Warts are common, contagious but benign epithelial tumours caused by the human papillomavirus (HPV).
Warts may appear at any age but most frequently occur in children.

Types of warts include:
* Common warts (Verruca vulgare)
* Flat warts (Verruca plana)
* Genital warts (Condyloma acuminatum)
* Plantar warts (Verruca plantaris)

All warts can be spread by direct or indirect contact, and can spread from one part of the body to another. Warts can disappear without treatment, and recur throughout a patient’s life. Benign neglect may be an acceptable treatment for warts, as 65% resolve within 2 years. Without treatment, however, patients risk warts that may enlarge or spread to other areas.
Treatment is recommended for patients with extensive, spreading, or symptomatic warts or warts that have been present for more than 2 years.

Aetiology/Major causative factors and risk factors that can contribute to the incidence of warts include:
* Contact with affected persons or shed skin with HPV (particularly for genital warts)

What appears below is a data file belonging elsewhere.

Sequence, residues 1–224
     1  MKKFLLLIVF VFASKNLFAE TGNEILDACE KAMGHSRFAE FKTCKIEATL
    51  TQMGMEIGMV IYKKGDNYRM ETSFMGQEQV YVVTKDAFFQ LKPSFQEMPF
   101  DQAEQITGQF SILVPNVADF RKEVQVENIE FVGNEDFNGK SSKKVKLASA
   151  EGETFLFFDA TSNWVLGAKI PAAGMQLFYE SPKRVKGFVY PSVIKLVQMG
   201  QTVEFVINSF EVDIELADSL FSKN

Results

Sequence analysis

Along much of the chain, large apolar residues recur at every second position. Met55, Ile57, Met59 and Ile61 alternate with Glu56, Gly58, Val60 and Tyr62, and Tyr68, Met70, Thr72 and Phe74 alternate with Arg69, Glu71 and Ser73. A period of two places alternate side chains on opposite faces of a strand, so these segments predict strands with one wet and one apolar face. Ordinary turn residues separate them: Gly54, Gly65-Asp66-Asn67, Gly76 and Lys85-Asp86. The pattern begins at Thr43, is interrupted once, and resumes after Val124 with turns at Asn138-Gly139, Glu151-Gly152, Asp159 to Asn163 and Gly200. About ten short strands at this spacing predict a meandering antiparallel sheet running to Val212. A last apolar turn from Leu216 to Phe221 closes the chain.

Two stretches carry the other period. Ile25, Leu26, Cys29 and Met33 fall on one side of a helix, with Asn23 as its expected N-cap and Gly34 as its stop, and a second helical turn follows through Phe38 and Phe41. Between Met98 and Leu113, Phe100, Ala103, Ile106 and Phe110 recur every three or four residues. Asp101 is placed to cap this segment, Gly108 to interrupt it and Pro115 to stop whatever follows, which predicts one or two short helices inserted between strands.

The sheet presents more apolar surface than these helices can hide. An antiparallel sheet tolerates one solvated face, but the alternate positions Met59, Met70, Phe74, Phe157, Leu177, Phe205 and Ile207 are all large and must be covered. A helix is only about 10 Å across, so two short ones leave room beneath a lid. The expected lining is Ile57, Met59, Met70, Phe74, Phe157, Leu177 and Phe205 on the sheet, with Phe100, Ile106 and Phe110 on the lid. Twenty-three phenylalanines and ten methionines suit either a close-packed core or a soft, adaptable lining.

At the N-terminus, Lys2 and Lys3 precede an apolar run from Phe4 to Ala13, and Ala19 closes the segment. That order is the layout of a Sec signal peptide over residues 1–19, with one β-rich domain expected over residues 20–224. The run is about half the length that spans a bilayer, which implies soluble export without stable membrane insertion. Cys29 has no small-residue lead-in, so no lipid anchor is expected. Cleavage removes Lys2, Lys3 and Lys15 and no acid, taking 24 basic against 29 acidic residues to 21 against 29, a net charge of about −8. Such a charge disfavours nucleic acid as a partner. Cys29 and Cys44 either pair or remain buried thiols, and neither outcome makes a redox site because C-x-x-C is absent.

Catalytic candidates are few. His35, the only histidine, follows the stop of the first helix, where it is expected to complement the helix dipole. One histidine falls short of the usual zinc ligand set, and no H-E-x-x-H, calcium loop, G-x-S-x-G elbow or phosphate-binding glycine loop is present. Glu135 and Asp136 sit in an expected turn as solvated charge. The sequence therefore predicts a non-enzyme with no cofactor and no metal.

* Trauma
* Immunosuppressive diseases and/or immunosuppressive drugs
* Atopic dermatitis
* Communal facilities (locker rooms)

Symptoms & Signs:
Common warts:
* Round and asymmetric
* Can grow from tiny (1 mm), smooth, flesh-tone papules to large (5 to 10 mm),thick, rough plaques
* May form mosaics (1 to 3 cm in diameter)
* Found anywhere, but generally on the hands

Flat warts:
* Small (1 to 3 mm) papules with flat tops
* Usually flesh-tone or pink
* Sometimes itchy
* Generally found on the face and back of hands

Genital warts (venereal warts):
* Tiny flat papules that grow to resemble common warts
* Generally found on external genitalia, pubic, and perineal regions
* May be found intravaginally and in the anal canal

Plantar warts:
* Rough, thickened, scarcely elevated papules
* Sometimes exhibiting black dots, indicating thrombosed capillaries
* Often quite tender, possible leg/back pain from disrupted posture
* Found on the sole of the foot, sometimes completely covering the heel or plantar region